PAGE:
There is growing evidence that ciclosporin given chronically results in chronic renal failure [7, 8, 2123]. While the pathogenesis of this form of nephrotoxicity is not well understood, the noxious effects of ciclosporin form a spectrum from an acute reduction in glomerular filtration rate which is usually reversible, to a chronic irreversible form characterized by interstitial fibrosis [7, 22, 23]. Increased renal vascular resistance may play a major role in the acute form and alterations in the levels of vasoconstrictor prostaglandins may have pathophysiologic importance [7, 2426].

Hypertension and hyperkalemia were also common complications of chronic ciclosporin therapy, as has been reported elsewhere [7, 8, 24]. While the etiology of the hypertension in these patients is not clear, it seems most likely to be the result of the drug, although it may be related to the alterations in renal function. Furthermore, the mechanism by which ciclosporin causes hypertension is unclear but could, in part, be the result of a drug-induced increase in peripheral vascular resistance [7]. There is evidence that the suppressed renin and aldosterone secretion rates often found in patients taking ciclosporin may represent a direct effect of the drug [27].

Liver transplantation with ciclosporin has clearly become the only method of preserving the lives of many desperately ill patients with end-stage liver disease. The very success of ciclosporin in preventing rejection and the deaths of these patients has allowed us to consider the effects of this drug over long periods of time. Strategies for reducing the chronic nephrotoxicity of ciclosporin are currently in evolution and the management of the patients in this study reflects the maturation of knowledge that is being acquired in the use of this agent.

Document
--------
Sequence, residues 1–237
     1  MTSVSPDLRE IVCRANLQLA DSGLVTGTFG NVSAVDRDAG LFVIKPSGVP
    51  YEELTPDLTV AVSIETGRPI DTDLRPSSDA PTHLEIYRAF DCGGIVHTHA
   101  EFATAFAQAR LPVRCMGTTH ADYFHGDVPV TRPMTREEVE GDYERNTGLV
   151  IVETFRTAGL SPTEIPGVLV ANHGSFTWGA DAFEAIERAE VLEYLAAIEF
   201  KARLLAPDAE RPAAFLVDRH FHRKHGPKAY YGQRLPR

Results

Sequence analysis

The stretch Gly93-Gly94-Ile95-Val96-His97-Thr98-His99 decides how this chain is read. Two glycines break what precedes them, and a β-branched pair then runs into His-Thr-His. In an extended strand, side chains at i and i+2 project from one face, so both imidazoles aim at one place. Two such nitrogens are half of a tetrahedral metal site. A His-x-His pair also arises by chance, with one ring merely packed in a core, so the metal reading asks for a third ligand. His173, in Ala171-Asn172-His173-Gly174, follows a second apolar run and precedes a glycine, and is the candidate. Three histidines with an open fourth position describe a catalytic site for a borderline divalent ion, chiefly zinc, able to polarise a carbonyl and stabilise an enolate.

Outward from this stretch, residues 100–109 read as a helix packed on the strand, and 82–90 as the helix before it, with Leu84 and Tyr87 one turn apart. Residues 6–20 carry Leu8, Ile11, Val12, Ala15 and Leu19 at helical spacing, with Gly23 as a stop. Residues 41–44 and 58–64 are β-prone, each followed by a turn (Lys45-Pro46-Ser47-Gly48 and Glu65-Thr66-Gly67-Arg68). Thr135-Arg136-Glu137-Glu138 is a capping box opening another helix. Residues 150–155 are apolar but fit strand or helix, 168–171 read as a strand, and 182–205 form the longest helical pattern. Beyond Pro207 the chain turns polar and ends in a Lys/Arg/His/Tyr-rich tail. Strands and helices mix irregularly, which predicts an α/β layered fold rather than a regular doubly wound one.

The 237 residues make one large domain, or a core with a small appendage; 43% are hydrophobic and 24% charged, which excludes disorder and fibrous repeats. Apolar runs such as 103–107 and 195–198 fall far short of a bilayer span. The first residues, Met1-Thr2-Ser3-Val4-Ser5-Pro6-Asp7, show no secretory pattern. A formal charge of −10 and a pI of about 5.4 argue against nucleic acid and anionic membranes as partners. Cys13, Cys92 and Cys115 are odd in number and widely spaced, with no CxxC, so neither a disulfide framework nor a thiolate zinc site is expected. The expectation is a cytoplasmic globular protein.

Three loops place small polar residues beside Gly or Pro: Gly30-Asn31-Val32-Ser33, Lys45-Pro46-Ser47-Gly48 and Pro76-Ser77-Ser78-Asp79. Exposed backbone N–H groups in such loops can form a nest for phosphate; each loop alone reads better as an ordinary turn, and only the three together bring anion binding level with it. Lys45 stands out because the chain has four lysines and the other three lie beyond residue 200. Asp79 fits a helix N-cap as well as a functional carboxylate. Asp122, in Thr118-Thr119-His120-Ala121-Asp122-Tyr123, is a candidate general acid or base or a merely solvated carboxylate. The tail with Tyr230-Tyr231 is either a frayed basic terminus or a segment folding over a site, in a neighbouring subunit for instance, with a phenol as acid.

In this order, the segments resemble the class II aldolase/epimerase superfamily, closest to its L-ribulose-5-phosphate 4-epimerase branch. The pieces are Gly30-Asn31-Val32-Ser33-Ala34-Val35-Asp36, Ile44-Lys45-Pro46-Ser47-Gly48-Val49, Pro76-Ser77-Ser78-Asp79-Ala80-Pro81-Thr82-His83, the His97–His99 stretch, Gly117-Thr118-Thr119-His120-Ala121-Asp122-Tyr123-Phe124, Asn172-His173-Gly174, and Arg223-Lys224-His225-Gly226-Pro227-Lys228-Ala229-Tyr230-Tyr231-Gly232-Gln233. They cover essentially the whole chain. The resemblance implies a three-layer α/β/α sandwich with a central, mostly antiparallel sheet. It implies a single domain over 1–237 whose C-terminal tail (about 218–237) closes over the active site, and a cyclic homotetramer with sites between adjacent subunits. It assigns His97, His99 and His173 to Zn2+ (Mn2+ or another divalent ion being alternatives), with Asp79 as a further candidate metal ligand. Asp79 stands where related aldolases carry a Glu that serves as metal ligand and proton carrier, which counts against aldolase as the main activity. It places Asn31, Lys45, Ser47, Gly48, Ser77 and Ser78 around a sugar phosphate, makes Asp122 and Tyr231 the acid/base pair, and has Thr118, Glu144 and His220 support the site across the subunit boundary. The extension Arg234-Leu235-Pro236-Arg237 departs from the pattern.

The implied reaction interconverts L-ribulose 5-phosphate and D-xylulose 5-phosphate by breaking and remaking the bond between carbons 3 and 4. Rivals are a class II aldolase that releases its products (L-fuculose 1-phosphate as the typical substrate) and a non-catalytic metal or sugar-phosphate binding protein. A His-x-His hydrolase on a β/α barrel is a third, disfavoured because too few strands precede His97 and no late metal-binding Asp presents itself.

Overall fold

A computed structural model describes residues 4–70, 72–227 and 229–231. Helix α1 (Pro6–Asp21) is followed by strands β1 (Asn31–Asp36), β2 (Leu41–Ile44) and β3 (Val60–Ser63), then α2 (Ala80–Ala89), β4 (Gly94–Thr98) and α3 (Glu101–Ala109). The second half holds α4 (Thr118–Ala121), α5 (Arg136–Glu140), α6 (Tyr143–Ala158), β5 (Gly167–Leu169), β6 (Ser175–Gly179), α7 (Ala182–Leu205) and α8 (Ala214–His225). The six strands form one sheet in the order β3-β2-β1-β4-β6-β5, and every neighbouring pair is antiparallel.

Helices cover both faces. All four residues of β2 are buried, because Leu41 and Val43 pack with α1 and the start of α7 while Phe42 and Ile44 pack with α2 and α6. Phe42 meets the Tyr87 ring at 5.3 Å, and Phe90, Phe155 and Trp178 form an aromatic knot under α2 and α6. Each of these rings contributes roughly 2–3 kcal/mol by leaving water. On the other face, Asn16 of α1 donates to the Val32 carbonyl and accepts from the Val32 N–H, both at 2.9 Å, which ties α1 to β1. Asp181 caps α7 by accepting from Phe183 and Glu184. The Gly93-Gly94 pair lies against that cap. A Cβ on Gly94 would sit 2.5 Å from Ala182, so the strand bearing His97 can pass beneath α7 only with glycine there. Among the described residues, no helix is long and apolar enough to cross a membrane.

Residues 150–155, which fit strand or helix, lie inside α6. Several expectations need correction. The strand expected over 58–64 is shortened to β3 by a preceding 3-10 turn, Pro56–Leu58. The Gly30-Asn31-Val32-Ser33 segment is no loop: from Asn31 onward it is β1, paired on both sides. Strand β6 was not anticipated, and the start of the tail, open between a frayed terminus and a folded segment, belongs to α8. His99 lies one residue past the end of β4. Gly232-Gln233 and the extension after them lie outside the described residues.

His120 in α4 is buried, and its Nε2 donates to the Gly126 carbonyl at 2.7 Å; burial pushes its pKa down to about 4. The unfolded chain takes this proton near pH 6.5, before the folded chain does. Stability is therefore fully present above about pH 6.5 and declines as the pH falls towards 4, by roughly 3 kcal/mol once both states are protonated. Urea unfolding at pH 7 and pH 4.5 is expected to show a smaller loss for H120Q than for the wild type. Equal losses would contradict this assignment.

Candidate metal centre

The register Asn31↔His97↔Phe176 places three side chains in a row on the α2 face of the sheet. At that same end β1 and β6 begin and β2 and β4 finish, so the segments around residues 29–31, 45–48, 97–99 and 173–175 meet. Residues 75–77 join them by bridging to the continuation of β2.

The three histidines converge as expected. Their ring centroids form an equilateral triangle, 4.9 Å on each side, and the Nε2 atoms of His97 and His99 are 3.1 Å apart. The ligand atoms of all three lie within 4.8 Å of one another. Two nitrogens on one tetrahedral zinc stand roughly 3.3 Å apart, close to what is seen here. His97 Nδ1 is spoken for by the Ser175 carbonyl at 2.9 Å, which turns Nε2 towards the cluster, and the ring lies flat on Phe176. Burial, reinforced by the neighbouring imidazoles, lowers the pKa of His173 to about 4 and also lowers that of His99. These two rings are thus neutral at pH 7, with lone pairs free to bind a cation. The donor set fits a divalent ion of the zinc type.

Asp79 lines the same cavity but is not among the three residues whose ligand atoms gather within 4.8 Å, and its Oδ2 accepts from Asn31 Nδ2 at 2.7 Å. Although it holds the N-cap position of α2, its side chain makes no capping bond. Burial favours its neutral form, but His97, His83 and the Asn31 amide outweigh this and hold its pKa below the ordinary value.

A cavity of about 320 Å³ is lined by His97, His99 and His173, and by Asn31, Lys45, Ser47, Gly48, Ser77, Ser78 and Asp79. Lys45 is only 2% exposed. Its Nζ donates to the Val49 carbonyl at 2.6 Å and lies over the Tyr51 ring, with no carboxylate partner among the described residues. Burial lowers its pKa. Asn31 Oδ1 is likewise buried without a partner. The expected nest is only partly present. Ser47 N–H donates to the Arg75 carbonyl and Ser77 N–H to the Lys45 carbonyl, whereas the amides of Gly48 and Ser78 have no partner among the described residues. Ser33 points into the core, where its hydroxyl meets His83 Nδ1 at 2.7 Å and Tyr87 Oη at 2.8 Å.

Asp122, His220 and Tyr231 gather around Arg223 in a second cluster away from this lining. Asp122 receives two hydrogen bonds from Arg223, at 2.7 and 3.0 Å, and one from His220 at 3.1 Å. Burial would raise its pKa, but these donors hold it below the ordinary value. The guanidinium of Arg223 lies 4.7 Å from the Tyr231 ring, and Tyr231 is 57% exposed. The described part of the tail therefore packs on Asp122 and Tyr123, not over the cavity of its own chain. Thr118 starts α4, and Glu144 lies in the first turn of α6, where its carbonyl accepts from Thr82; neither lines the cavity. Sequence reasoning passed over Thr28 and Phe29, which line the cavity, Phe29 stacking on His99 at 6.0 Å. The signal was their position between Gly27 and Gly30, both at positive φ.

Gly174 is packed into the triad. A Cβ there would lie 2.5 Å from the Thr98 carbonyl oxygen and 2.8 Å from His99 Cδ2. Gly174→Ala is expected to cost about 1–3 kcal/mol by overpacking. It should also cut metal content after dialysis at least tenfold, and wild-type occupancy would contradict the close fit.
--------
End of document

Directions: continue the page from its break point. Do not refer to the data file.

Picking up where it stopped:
Methods currently being practiced include: (1) attempts at reducing ciclosporin dosage to the absolute minimum required to prevent rejection while using only ciclosporine and prednisone, (2) reducing ciclosporin dosage by adding azathioprine and (3) developing new immunosuppressant agents without nephrotoxicity. Iwatsuki et al. [13] and Klintmalm et al. [28] have both suggested that the high incidence of chronic renal failure during the first 12–18 months after transplantation is directly related to high ciclosporine doses using during the early posttransplantation period. The relative reduction in the incidence of new patients developing chronic renal failure after 20 months in our study would support this hypothesis. The addition of azathioprine and subsequent reduction in ciclosporin was instituted in some patients at this center during this study and may further preserve renal function. Finally, new agents under investigation, used in combination with ciclosporin or alone, may further reduce the risk of acute and chronic ciclosporin nephrotoxicity [29].


This study was supported, in part, by the Veterans Administration. The authors thank Mrs. Jennie Devinsky for her expert secretarial assistance.